f there is a spring in my step and a song in my heart these days, it could have something to do with the fact that my mother-in-law has just left after one of her five-day sojourns. I realize that this is unlikely to endear me to many people, least of all to any Italian mothers-in-law who happen to read English. But my own suocera — such an ugly word — is not just Italian; she’s from Naples, and as anyone who has one will know, they are a breed apart.
Friends have learned to gauge what phase of the visit is in progress from my mood. On day one, I am still upbeat and positive, determined not to repeat the mistakes of before as she arrives, dressed to kill and fresh from the hairdresser, laden with presents for the children. My good intentions receive their first setback as the terrible transformation takes place. Off comes the silk blouse and on goes the shapeless shift and the flip-floppy slippers. Then comes the worst part, as the hair curlers go in and she grabs a broom to begin her relentless sweeping, under my feet as I’m trying to write an article, dusting my desk as I’m trying to do a phone interview.
Next, it’s into the kitchen where the fridge and freezer are methodically emptied, and every last scrap of food is cooked or processed as though she is stocking up for World War III. Now I’m not a particularly house-proud person, but even I can’t help noticing that the walls of the kitchen are covered in a patina of olive oil and tomato sauce as the assault progresses. My favorite olive wood salad spoons are plunged into simmering vats of genovese pasta sauce, and left until they are dry and brittle.
When I go to the bathroom, it’s hard to ignore the fact that my hairbrush has different colored hairs in it, and that my toothbrush has been used by someone else. By day two my resolve is beginning to falter, and by day three, it’s time to escape with a friend to watch a movie at Rome’s English-language Pasquino. Goodness knows what I’ll do now that we have moved to Spoleto, where the cinema only appears to open on Fridays.
The lowest ebb in our relationship came soon after I was married, when my mother-in-law insisted on stripping our bed in some form of archaic post-nuptial rite. I blew a fuse, even though it was only day two. We had another run-in more recently, after she confessed to an English friend of mine, that she wished her daughter-in-law was “different”. Of course, I know just what she meant. She’d like someone to go shopping with her and to swap gynecological stories. Instead, she got someone who doesn’t dress her grandchildren warmly enough.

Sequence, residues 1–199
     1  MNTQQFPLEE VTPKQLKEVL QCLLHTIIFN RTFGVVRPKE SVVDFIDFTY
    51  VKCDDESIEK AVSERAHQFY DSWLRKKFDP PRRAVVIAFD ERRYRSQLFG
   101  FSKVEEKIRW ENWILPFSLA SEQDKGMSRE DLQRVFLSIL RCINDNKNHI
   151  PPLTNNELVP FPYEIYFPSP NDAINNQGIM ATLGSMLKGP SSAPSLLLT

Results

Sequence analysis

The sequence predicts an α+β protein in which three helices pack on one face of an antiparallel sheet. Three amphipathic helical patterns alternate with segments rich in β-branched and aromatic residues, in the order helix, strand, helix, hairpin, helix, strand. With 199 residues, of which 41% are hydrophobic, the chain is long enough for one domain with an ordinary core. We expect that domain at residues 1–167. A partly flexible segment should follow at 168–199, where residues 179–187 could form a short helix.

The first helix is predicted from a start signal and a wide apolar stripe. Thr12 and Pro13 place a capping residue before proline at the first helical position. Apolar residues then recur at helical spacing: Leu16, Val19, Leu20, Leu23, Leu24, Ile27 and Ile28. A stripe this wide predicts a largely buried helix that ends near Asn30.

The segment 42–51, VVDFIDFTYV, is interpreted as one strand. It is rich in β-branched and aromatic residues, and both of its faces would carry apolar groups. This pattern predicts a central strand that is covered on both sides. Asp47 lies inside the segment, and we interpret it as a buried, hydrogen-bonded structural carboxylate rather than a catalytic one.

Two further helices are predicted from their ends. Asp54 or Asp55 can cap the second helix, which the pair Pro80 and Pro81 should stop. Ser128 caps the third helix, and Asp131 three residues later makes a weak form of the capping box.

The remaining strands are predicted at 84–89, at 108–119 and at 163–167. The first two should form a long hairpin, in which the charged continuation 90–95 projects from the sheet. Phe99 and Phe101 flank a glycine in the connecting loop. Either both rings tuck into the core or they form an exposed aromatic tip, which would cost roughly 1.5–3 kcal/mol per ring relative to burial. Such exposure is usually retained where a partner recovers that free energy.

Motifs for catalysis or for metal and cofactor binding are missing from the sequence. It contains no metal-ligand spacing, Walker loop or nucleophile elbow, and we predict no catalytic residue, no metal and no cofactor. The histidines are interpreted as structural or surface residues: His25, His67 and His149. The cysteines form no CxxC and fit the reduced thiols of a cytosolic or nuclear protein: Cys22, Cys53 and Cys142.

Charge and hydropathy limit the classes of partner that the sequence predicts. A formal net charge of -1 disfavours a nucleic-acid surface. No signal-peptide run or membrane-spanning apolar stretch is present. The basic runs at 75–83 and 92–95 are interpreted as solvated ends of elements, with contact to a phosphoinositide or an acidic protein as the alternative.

But strangely enough, that argument, which at the time caused tears and fireworks, seems to have served a purpose. We now have a modus vivendi based on an understanding of the boundaries that cannot be crossed and a degree of mutual respect. It’s hard not to admire a person who lives with great dignity on a miserly pension, in spite of Berlusconi’s promises. She can cook a banquet with next to nothing. And it’s difficult not to be dazzled by the way she transforms herself back into a glamour queen when it’s time to go out — though by day four my abilities to be impressed are waning fast, as she waltzes out of the door in a cloud of hairspray.
But what I really love about my mother-in-law is her canny street-wise way, which comes of being brought up in Naples during a war which was all too real, when only the sharpest and the fastest went to bed with food in their stomachs. She had all of us crying with laughter the other night as she told how she and her twin sister recently joined a queue outside a store selling toasters at knockdown prices. It soon became clear that there was only one toaster left, and the man in front was looking intently at a picture of it in a catalogue. The 73-year-old sisters sprang into action. One got her umbrella, and jabbed the man between the legs to create what she later described as a “diversion”. As the hapless man doubled up in agony, sister number one — my own indomitable mother-in-law — ruthlessly pushed in front to claim her trophy. They don’t make them like that any more.